Commonwealth of Independent States
The organization was conceived as the successor to the USSR in its role of coordinating the foreign and economic policies of its member nations. The treaty recognized current borders and each republic's independence, sovereignty, and equality, and established a free-market ruble zone embracing the republics' interdependent economies and a joint defense force for participating republics. Strategic nuclear weapons, in Belarus, Kazakhstan, Russia, and Ukraine, were to be under the joint control of those republics, with day-to-day authority in the hands of the Russian president and defense minister Belarus, Kazakhstan, and Ukraine, however, no longer possess such weapons. The CIS at first convened only a council of the heads of state of its members, but in 1992 it convened a council of heads of government and a council of foreign ministers.
The republics' level of receptivity to integration with Russia has varied. All CIS nations now have their own currency, and most members have had occasion to criticize Russia for slow implementation of CIS agreements. Ukraine (which had a prolonged disagreement with Russia over the disposition of the Black Sea and remained wary of Russia, which ultimately seized Crimea and supported an E Ukrainian rebellion), Turkmenistan (whose large gas reserves free it from dependence on Russia), Azerbaijan (whose oil reserves also allow for independence from Russia), and Moldova (which faced an insurgency in the Russian-dominated Trans-Dniester region) have been relatively inactive in the alliance, and in 2005 Turkmenistan became an associate member. Armenia (surrounded by the Muslim nations of Azerbaijan, Iran, and Turkey), Georgia (with separatist movements in Abkhazia and South Ossetia), Tajikistan, and Uzbekistan (vulnerable because of its limited natural resources) accepted Russia's protection under a joint defense system and Azerbaijan, Belarus, Kazakhstan, and Kyrgyzstan also signed the Collective Security Treaty, but Azerbaijan and Georgia later withdrew from the defense agreement. In 2002 the treaty adherents agreed to establish the Collective Security Treaty Organization (CSTO), which superseded the CIS as a forum for military cooperation in 2005. Uzbekistan, which had suspended its security treaty membership in 1998, joined the CSTO in 2006. Uzbekistan and Belarus did not join the other CSTO nations in establishing (2009) the CSTO's rapid reaction force, and in 2012 Uzbekistan suspended its membership in the CSTO.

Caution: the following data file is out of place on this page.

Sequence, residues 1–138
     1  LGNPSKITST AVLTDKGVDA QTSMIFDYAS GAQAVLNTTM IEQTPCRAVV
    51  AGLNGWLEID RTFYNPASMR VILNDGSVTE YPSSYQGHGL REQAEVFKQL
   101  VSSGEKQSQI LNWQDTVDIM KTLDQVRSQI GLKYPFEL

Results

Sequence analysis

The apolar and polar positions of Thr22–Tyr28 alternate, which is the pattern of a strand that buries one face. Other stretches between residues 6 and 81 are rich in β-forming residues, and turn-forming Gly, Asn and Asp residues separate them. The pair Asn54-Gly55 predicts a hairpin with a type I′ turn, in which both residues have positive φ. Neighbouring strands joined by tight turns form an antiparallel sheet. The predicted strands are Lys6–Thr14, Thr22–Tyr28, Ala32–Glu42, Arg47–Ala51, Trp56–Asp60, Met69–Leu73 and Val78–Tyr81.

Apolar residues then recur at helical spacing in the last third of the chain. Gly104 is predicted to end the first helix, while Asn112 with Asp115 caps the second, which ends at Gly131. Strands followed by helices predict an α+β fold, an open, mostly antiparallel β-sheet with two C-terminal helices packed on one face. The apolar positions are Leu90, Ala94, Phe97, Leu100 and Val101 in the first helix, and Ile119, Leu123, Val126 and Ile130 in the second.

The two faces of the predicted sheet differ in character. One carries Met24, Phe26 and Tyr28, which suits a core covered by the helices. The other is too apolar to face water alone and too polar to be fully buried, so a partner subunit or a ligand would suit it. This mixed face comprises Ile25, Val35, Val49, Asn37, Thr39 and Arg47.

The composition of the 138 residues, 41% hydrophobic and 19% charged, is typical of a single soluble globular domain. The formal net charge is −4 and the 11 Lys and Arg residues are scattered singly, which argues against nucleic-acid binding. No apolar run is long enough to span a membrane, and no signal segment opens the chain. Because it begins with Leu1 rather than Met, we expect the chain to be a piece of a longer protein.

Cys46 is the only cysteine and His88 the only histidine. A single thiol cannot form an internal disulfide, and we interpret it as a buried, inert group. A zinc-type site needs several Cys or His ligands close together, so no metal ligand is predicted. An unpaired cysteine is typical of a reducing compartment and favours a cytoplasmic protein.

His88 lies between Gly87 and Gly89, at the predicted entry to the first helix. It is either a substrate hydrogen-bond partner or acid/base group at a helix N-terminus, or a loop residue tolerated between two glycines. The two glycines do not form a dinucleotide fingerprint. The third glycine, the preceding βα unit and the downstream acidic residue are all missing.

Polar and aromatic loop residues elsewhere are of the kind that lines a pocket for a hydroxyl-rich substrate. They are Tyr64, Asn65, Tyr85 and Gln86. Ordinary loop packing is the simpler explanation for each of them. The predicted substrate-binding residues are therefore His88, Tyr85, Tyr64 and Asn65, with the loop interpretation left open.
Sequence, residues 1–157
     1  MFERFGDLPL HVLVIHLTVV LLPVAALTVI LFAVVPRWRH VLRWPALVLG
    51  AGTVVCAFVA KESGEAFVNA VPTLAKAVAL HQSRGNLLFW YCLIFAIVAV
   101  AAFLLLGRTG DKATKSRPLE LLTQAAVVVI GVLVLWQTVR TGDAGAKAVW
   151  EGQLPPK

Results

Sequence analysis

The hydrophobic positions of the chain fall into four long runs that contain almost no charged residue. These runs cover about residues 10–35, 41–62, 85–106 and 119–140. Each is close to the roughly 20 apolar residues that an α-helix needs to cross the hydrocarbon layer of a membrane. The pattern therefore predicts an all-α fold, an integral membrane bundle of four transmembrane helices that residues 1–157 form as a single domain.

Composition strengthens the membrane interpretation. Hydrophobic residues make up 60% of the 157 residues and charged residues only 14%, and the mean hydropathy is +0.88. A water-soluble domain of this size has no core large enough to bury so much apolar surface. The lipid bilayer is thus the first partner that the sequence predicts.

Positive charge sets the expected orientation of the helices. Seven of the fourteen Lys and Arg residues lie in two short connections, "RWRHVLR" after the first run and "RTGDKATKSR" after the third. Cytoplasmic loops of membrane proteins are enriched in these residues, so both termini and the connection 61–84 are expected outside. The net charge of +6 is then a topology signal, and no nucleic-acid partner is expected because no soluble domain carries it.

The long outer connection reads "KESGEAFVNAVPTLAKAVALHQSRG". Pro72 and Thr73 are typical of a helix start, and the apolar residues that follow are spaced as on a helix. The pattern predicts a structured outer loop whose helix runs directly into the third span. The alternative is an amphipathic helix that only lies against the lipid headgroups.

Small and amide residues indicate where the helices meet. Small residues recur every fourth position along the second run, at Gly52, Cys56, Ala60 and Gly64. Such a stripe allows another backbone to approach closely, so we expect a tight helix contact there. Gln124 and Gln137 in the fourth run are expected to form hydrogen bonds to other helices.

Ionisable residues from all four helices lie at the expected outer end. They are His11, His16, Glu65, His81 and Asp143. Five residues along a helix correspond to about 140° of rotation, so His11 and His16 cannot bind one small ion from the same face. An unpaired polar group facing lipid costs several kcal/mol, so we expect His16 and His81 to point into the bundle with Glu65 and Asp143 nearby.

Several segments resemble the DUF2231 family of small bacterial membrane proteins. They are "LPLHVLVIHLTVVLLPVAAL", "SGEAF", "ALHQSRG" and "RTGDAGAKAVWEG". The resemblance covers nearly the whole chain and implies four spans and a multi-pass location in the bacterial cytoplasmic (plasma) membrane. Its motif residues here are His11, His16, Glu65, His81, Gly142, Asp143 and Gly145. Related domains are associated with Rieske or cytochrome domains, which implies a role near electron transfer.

Because the CIS has remained essentially a regional forum, progress toward the integration of its member nations has tended to take place outside the organization. In 1996, Belarus signed a treaty with Russia to coordinate their defense and foreign policy apparatus and to eliminate trade restrictions and eventually unite their currencies. Individual sovereignty is to be maintained, but they created supranational bodies to effect these changes. The two nations have since signed several follow-up agreements, but actual progress toward integration has been slow. They, Kazakhstan (which has a large Russian community), and Kyrgyzstan additionally agreed to pursue economic integration without customs restrictions. Tajikistan and Uzbekistan later joined the economic grouping, which became the Eurasian Economic Community (EurAsEC) in 2001, but Uzbekistan suspended its membership in 2008. In 2003, Belarus, Kazakhstan, Russia, and Ukraine agreed to form a Single Economic Space the treaty was ratified the following year, but subsequent tensions between Russia and Ukraine led the latter not to participate in the agreement (2009) led to a customs union in 2010 and a common economic space in 2012. In 2014 Belarus, Kazakhstan, and Russia agreed to increase economic integration by establishing (2015) the Eurasian Economic Union, and Armenia and Kyrgyzstan subsequently joined. In 2011, Armenia, Belarus, Kazakhstan, Kyrgyzstan, Moldova, Russia, Tajikistan, and Ukraine signed a free-trade pact Uzbekistan joined the free-trade zone in 2013.
The Columbia Electronic Encyclopedia, 6th ed. Copyright © 2012, Columbia University Press. All rights reserved.
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